11 Canned Foods You Actually Should Have on Hand

Food Lists

My mom’s pantry looks like it was assembled by Andy Warhol. As in there is a huge mosaic of Campbell’s soup cans that confronts you when you open the door. I’m not sure if that accounts for my lifelong horror of Stuff In Cans or not, but even the most militant Grow-Your-Own-ist is at the mercy of the weather (100-year drought, anyone?), and it’s always nice to know you can throw together a decent meal at the last minute even when your CSA box was exhausted two days ago.

Here are some canned and jarred items worth keeping around. Their quality is dependable, and in some circumstances they trump the DIY version.

Let’s get the obvious one out of the way first. Imagine life before this pantry staple. Not a pretty picture, huh? I always keep tinned tomatoes on hand because they are indispensable for vegetarian soups and stews, emergency pasta sauces, and other long-cooked applications. (They’re not your friend in a caprese salad.) Good news: canning does not deplete tomatoes’ nutrient content as much as it does some fruits and veggies. Kinda bad news: the acid in tomatoes can leach nasty stuff from the lining of some cans, so make sure yours are free of icky stuff like BPA. I like the diced fire-roasted tomatoes from Muir Glen. San Marzano romas (a variety, not a brand) are also good.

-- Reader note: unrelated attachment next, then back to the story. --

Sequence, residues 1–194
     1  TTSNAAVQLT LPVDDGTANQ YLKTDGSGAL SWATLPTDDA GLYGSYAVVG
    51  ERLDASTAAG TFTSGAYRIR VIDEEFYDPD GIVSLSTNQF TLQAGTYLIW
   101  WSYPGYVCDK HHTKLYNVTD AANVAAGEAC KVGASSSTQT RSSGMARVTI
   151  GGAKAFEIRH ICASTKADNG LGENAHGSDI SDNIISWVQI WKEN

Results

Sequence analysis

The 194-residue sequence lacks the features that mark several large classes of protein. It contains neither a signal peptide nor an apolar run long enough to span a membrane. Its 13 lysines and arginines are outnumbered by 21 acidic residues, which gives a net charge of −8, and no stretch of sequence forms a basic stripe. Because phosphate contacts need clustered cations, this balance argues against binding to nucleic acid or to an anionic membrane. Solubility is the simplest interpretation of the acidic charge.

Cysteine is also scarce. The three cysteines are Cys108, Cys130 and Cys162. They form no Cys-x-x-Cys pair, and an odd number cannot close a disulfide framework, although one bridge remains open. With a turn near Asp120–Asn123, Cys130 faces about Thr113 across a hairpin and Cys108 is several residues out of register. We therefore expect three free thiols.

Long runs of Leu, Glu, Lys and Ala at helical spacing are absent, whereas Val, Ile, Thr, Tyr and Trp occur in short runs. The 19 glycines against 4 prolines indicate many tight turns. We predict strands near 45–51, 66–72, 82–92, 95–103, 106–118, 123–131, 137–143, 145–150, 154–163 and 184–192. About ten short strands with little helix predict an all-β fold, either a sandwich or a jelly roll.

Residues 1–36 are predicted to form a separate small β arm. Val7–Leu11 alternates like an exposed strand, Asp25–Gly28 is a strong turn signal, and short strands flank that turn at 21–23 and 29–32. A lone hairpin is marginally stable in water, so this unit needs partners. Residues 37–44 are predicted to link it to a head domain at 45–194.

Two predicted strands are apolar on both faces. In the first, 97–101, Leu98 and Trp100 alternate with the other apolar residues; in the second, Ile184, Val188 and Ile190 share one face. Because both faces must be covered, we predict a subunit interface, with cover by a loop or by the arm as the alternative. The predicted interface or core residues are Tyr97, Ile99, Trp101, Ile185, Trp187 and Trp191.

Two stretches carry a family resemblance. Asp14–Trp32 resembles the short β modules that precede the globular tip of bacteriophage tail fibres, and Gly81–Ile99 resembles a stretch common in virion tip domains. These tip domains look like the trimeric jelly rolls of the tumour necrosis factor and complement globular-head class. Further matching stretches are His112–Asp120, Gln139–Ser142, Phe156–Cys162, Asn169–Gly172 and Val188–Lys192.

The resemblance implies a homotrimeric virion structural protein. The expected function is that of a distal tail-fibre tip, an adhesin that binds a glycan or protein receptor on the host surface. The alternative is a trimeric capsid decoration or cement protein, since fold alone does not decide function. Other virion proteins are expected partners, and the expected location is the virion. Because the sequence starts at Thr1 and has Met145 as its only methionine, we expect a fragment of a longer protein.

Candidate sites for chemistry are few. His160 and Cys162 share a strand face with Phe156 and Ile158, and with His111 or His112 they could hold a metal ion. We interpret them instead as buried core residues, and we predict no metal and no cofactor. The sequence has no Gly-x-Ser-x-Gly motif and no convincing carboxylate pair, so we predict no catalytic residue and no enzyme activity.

Okay, so about tuna. We are hearing a lot about its impending extinction as well as its potential for mercury poisoning, so you have to be careful here. Tonnino is a relatively safe brand if you are one to enjoy Poisson à la Jar. It’s yellowfin (which is not overfished in general; the Atlantic stock’s a little depleted but elsewhere in the world these guys are pretty stable), wild-caught, jarred by hand, rich in omega-3 fatty acids, and both dolphin-safe and low in mercury. Also: it’s jarred in olive oil, which makes its texture massively better. Tinned wild-caught salmon can be good, too, and surprisingly affordable.

Generally underutilized in this country, tinned Stinkyfish are an amazing source of calcium as well as protein, EFAs and all kinds of microgoodies. If you want to make a vaguely authentic Caesar salad, you need these. They are pizza standbys and commonly spotted in Mediterranean cuisines. And England. And Southeast Asia. In any case, they give a deeply salty and frankly fishy flavor wherever you use them (pasta puttanesca isn’t puttanesca without them).

In canned form, sardines were once more popular in America than canned tuna. What happened? Ignore the reputation sardines have as food for weird old men. Sardines canned in olive oil can indeed taste great straight from the can. If you’re on the adventurous side, try swap sardines for canned tuna in a pasta recipe. Eat them on crusty bread for a simple sandwich. The smoked ones are delicious, and any variety is high in calcium.

Marinated artichoke hearts
They’re just a totally different beast from fresh artichokes, and they add a wonderful note to green salads, pizzas and pasta dishes. I go for the ones that are jarred in something oil-based (you can rinse them if, if you like)—most water-packed brands I have tried are flavorless and mushy. Cara Mia was the brand I grew up with and still my go-to.